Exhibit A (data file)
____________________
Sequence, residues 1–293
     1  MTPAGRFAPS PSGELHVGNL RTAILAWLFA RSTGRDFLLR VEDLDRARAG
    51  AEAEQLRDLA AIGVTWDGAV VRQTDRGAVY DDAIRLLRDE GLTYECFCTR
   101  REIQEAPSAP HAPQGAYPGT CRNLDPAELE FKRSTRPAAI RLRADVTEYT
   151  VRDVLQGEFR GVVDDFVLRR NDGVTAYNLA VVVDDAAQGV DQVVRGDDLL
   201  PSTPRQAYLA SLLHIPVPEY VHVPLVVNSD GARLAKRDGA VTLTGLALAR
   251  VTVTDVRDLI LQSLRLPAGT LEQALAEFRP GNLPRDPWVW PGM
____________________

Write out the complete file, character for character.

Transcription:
Sequence, residues 1–293
     1  MTPAGRFAPS PSGELHVGNL RTAILAWLFA RSTGRDFLLR VEDLDRARAG
    51  AEAEQLRDLA AIGVTWDGAV VRQTDRGAVY DDAIRLLRDE GLTYECFCTR
   101  REIQEAPSAP HAPQGAYPGT CRNLDPAELE FKRSTRPAAI RLRADVTEYT
   151  VRDVLQGEFR GVVDDFVLRR NDGVTAYNLA VVVDDAAQGV DQVVRGDDLL
   201  PSTPRQAYLA SLLHIPVPEY VHVPLVVNSD GARLAKRDGA VTLTGLALAR
   251  VTVTDVRDLI LQSLRLPAGT LEQALAEFRP GNLPRDPWVW PGM